And you know what?  It did taste homemade!  It did not have the telltale whiff of “factory sauce” when you crack the jar seal, and it tasted like something I’d literally make at home in my own blender if I went crazy with chili peppers (which I often do).

What did I do with it?

I fried some onions till golden and a bit crinkly, added them to the pot, tossed in a little chopped garlic and let it turn aromatic, and then browned some good-quality stewing beef in small cubes, and that went in as well.  Then I poured in the sauce, about 1 dl of cold water, stirred and covered it and allowed it to simmer on very low heat (3/9) for about an hour and a half.  Why?  Because I do not like tough beef chunks in my stew – the low, slow simmer is what you need to achieve melting tenderness (it is very much enough time if you do not use huge hunks of meat – mine were about 1.5-2cm on the side max).

Then, as per instructions, I added the ground Egusi (melon seeds) which came in a little packet alongside the sauce, and the frozen spinach – and that I just eyeballed and tossed a few of those chunky pellets from the freezer bag in.  I allowed it all to come back to simmer, stirred till spinach pellets melted, and then allowed it another 5 minutes.  And I steamed some rice on the side at some point in this process.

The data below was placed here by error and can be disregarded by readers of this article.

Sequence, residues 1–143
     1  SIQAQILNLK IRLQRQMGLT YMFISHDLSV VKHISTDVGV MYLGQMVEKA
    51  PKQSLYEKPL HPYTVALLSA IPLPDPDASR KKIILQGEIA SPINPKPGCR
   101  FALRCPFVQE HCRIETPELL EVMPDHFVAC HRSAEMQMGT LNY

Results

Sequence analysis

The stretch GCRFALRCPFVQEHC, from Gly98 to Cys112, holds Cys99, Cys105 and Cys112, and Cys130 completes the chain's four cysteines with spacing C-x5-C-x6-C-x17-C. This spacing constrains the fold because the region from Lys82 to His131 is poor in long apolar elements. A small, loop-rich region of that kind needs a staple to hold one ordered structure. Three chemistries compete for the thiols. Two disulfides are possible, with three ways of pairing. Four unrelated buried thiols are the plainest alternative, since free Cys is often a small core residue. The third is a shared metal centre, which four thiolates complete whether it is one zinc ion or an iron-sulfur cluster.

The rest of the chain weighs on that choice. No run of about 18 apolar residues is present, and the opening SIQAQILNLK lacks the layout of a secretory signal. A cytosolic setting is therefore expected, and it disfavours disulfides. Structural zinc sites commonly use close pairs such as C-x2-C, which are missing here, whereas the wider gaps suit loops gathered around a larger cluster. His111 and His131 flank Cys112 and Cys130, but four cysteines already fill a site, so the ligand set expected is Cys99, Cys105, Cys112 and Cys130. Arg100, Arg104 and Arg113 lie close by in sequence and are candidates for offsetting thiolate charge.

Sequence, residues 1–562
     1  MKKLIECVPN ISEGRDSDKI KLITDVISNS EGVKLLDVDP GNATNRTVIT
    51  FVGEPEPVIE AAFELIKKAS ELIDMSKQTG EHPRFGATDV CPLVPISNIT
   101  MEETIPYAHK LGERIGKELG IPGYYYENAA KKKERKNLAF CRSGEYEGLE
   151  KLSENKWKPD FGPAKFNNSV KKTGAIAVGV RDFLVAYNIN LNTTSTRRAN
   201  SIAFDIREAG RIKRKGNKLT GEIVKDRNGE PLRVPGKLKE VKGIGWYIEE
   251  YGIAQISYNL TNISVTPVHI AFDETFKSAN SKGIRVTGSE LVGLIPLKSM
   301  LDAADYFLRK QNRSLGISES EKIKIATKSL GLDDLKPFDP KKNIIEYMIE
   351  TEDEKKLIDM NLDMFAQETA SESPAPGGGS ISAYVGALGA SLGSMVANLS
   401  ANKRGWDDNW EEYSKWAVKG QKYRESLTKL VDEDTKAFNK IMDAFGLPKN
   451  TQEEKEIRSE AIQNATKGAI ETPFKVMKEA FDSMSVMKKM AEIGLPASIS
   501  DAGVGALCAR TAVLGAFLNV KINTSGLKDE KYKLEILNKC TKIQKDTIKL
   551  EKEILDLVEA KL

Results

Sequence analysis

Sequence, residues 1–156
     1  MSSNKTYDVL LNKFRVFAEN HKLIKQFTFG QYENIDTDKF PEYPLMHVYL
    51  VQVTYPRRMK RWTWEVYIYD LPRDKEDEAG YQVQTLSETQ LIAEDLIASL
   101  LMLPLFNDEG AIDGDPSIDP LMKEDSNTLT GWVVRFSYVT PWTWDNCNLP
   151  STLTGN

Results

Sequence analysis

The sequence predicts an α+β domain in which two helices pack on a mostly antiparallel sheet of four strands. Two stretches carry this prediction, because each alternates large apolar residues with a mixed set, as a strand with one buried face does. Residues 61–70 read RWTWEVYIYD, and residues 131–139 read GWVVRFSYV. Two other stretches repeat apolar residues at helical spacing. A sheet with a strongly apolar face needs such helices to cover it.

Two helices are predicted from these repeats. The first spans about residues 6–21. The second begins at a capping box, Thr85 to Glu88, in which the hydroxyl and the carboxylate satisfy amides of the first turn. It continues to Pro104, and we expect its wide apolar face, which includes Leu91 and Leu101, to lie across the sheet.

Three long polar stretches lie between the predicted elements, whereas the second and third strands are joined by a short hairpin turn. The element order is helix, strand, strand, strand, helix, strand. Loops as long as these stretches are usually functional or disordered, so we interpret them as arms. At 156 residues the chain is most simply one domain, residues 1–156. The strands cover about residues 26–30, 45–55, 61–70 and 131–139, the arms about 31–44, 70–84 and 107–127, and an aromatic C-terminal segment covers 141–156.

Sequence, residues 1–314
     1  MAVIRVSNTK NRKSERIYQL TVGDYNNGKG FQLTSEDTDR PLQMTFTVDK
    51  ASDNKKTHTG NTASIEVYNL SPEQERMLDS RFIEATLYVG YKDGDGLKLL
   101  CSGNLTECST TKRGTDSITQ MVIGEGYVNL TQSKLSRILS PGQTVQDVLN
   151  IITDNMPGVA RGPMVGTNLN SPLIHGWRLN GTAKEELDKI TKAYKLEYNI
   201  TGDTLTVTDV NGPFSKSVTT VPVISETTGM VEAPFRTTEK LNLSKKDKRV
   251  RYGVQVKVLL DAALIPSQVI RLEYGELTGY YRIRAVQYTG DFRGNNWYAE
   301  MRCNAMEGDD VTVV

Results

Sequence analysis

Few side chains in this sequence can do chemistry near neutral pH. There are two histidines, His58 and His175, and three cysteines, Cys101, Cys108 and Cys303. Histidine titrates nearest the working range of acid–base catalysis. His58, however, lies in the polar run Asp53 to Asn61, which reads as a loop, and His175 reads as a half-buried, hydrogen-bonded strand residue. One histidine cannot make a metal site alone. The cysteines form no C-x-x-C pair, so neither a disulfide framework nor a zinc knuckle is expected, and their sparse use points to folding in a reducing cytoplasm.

It was almost entirely effortless (unless you count cutting up an onion, 4 cloves of garlic and a bit of meat effort), and very, very good.  And, as food from a jarred sauce goes, it was utterly amazing – as it neither looked nor tasted like any part of it has ever been through an aseptic bottling!

If you wonder whether you should try these, and love African food (and it is rather hot, be warned!), or just love spicy hot food in general, then yes, by all means, find a stockist or order the sauces online from their very helpful and pretty site, and use it instead of those questionable “curry” sauces you find on supermarket shelves all too often – full of sugar, and starch-thickened, gloopy and weight-gain inducing.  Buy this because it is wholesome, delicious, healthy and really, really wonderful on a cold day when you are too tired to do much more than open a jar of sauce and steam some rice – it is about all you need to do here, especially if you omit the meat, and just simmer the sauce with spinach for the vegetarian version – I think that would take about as long as the rice steaming, really! – and then you get to curl up on sofa with a bowl of spicy hot, warming and comforting stew.